Having traveled to 39 countries, I have purchased many SIM cards for my U.S. purchased GSM phones to stay connected while on the road. Your phone must be GSM (T-Mobile, AT&T) compatible if you hope to use it anywhere outside of the United States and, if it is, all you have to do is buy a local SIM card when you arrive in a foreign country. It will cost you from nothing to $10 for the card (and local phone number) and you can get a data/voice/SMS plan with 2GB or more of 3G or 4G data (depending on country) for $10 per month and up.
I bought a TIM (Telecom Italia) SIM card when I arrived in Italy for an extended trip with 20GB of 4G data per month and 400 minutes of talk-time for just €40 per month. With the plan I can create a portable hotspot or tether my phone to my computer in order for me or anybody else to access the web via wi-fi at no additional charge. TIM has 4G-LTE, 4G, H, H+, and 3G data in many populated areas of Italy with the occasional 1G (E) in some spots, so it was very easy to access the web from my computer pretty much anywhere.
The only downside to TIM is that they do not have an App or other easy way to access your plan in order to monitor data usage, voice minutes or SMS balances. And if you do not speak the language or find a TIM store with an English-speaking employee, you probably will not be able to figure out how to do so. After a week, I finally had a friend help me access the TIM website where you can register and monitor your account. Google even translates the page for you so you do not have to be fluent in Italian to navigate their site!
When my wife arrived in Italy (she is Italian-born), she wanted to use the Vodafone SIM from the phone that her recently deceased father used, so we went and bought a data/voice/SMS plan for her. It seemed like a good deal with 2GB of 4G data and 500 minutes of voice for just €20 per month, but you know what the say when something "seems too good to be true".
My wife was helping a friend prepare a presentation for a conference early the next morning and they needed two photos (they had forgotten at her friend's home) from the internet to finish it. I showed my wife how to create a hotspot on her new Android phone, a Motorola Moto G 4G LTE, and we downloaded two photos, taking a total of five minutes. As soon as we shut-down the hotspot, my wife received a text from Vodafone telling her that she had been charged €4 for utilizing a service not included with her phone plan. She was never warned about the potential charge or clicked on "I Accept" this charge because Vodafone simply deducted the money from her balance.
I wondered how that was possible in the first place, also wondering why Vodafone would care how she used the 2GB of data that we paid for. What does it matter if she used the data on her phone over a month or created a hotspot at the Napoli versus Roma soccer match and gobbled it up in 30 seconds? We paid for the data, so what does it matter? So we decided to visit a Vodafone store and find out what happened.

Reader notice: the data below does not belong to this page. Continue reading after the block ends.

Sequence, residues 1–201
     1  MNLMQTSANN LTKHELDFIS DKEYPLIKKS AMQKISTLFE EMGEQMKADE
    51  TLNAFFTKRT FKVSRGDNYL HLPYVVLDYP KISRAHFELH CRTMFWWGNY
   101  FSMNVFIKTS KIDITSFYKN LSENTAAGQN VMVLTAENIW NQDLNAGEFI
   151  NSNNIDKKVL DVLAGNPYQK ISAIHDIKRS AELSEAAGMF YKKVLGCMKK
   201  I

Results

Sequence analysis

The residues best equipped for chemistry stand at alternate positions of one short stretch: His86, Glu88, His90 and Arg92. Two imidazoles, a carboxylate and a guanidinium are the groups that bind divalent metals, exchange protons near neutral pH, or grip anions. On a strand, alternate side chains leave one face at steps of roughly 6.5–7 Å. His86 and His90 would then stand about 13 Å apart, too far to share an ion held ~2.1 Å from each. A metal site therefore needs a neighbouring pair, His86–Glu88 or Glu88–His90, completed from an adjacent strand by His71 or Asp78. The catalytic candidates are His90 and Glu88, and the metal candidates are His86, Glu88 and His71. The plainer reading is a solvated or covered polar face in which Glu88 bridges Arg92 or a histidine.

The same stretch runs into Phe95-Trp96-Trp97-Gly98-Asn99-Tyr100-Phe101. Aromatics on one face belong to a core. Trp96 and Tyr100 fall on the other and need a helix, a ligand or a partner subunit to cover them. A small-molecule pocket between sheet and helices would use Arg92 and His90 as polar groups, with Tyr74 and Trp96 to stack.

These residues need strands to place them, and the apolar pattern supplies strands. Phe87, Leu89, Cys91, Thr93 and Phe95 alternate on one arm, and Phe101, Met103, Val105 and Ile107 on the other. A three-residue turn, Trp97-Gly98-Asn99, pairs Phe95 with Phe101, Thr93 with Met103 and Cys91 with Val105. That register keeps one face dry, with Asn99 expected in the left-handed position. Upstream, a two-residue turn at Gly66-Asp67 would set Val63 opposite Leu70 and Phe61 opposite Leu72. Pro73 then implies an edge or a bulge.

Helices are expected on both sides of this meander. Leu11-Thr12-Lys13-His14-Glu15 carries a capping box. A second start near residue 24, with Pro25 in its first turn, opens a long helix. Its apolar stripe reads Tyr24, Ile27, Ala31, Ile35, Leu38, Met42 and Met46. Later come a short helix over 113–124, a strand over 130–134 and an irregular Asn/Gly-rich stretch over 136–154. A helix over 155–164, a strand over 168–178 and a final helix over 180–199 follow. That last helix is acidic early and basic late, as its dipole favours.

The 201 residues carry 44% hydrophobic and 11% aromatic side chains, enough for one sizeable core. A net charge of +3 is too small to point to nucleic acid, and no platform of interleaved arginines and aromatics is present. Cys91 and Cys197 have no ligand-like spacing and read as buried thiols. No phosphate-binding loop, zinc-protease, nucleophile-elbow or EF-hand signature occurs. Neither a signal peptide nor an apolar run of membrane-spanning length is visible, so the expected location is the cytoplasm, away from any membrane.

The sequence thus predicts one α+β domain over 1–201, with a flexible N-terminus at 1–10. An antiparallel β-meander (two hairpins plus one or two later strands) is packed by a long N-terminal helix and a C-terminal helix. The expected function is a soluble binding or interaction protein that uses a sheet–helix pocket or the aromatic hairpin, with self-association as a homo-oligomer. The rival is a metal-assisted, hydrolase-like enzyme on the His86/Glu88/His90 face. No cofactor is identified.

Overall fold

In the interim, we made a video of her friend's presentation on my wife's Moto and wanted to transfer it to my computer so I could edit it in iMovie and upload it to YouTube. Of course Apple makes it nearly impossible to use anything purchased from another company, so my Macbook Pro would not allow me to connect with her phone via Bluetooth. I finally found a forum that told me what to do and had to tether the phone to my Mac after downloading an App called Android File Transfer from the PlayStore. Success! We transferred the movie when suddenly, my wife received another text from Vodafone ... she had been charged an additional €4 for simply connecting her phone to her computer ... no hotspot created, no Vodafone data used! What the heck was going on?
Staying at her friend's apartment in Vomero, there was a Vodafone store two blocks away, so we decided to go ask about both issues. The girl behind the counter had a snooty look on her face as soon as my wife began to explain and quickly cut her off saying, in Italian of course, "you used a service not on your plan and you have to pay". We tried to reason with her, but it was obviously useless as we could tell that neither she nor Vodafone cared in the least about customer service, so we left.
BOTTOM LINE: If traveling in Italy, DO NOT BUY a Vodafone SIM Card for your GSM smartphone! I am telling you that there are many options available, including TIM, Wind and others, so utilize their services instead of Vodafone when couch surfing or surfing the internet abroad ... as I say to myself, "Is Vodafone a subsidiary of Apple, because they sure have similar business practices?"
CombatCritic Gives Vodafone A Dismal 1 Bomb Out Of 10 ... More Bombs Are Better!
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Title: If Traveling In Italy, DO NOT BUY a Vodafone SIM Card For Your GSM SmartPhone
Key Words: Vodafone, Italy, telecom, plan, data, phone, smartphone, TIM, Wind, tether, mobile, hotspot, review, CombatCritic, travel, value, tech, technology, Apple, Macbook
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